In South Dakota, "estate planning" broadly refers to the process through which someone determines what is to be done with their assets after death.
The first step in any estate plan is to figure out what you really want to be done with your assets after your death. This is a very personal decision, and you should discuss it with your family, and others who might have a direct interest in your decisions. As for really implementing your goals, you should probably speak with a legal and/or financial professional to figure out the best way to accomplish these goals.
In addition to decisions regarding the disposition of your property, you should decide how you want to spend your final days. For instance, many people have a strong preference about whether and to what extent they'd like to be kept alive by artificial means. Whatever your choice on this matter is, you should make it clear to the people who will be positioned to make such choices for you, if you are unable.
A reliable estate planner in South Dakota may also help you maximize the percentage of your assets that go to your chosen beneficiaries, by minimizing the impact of taxes and court fees. Additionally, preventing a will or other estate plan from being litigated in court will save your survivors an incalculable amount of time, money, and energy - and the better an estate plan is, the lower its chances of ending up in court.
Common Elements of Estates in South Dakota
Estate plans in South Dakota almost always have these elements:
Will: A will is a written instrument stating what you want to be done with your assets after you die. There are many pitfalls that can come up in the drafting of a will. Nonetheless, because the will doesn't have any legal or practical effect until after the person who made it died, they can't exactly correct these problems when they become apparent. Thus, quality drafting, usually with the assistance of a seasoned attorney, is essential.
Power of Attorney: This is an arrangement that gives another person the power to make certain decisions, normally related to finances and medical care, on your behalf, if you become incapacitated or disabled, and thus unable to make or express your own decisions. You can choose who you give this authority to. For obvious reasons, it should be somebody you trust.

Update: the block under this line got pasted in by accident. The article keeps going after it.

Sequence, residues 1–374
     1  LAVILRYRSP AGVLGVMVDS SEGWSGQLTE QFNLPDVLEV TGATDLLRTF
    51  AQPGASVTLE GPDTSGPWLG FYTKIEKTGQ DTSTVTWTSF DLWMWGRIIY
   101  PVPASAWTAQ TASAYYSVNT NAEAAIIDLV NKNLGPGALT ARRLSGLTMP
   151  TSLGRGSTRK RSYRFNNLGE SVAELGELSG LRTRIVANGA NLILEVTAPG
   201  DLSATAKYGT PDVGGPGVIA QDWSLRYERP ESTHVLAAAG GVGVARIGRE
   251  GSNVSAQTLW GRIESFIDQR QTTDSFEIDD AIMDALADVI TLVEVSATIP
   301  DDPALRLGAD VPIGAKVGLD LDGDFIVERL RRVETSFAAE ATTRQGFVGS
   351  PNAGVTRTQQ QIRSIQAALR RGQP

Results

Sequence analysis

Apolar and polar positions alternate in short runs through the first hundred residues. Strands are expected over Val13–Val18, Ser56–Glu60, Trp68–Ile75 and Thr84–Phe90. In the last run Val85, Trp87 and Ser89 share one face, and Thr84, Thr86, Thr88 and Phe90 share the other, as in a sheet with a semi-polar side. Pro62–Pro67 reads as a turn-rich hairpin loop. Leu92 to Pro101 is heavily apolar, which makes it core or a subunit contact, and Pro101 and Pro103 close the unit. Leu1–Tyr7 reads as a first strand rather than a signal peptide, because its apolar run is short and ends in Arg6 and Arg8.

Funeral Arrangements: Your wishes on this matter should be made clear to whoever is in a position to implement them early on in the estate planning procedure, and should not be included in a will. Because a will is generally read days or weeks after the person dies, it may be too late by then to carry your wishes out.
Do I Need a South Dakota Estate Planning Attorney?
These decisions are normally considered extremely significant. For that reason, you will likely find that the cost of hiring a South Dakota attorney to be well worth its cost.
Interesting Facts About South Dakota
South Dakota is the 40th U.S. state and has a population of over 800,000 people. Most of South Dakota is rural in character and has retained much of its agricultural foundation. The region is popular for its national parks and monuments. In particular, the iconic monument Mount Rushmore draws many visitors to South Dakota annually. Over time the state has incorporated other industries in its economy like financing and defense spending.
The judicial branch of South Dakota is composed of the state Supreme Court, Circuit Courts, and Magistrate Courts. Most lawyers in South Dakota assist clients through the Circuit Courts, as the Magistrate Court does not hear jury trials. The Circuit Courts have jurisdiction over both criminal and civil claims, and serve as the general trial courts for the state.
South Dakota has a complex body of case law. An influential South Dakota ruling can be found in South Dakota v. Opperman (1976), which defined the "community caretaking" functions of police forces. Under the Opperman ruling, police authorities must engage in "community caretaking", which includes duties like ensuring the safe flow of traffic. The case also discussed search and seizure provisions.
Lawyers in South Dakota represent clients in order to help them defend their interests and help them obtain legal relief. South Dakota lawyers can assist you with legal questions, represent you in a court of law, and help you with legal documents and many other tasks. Attorneys in South Dakota are well-known for their expertise in many areas.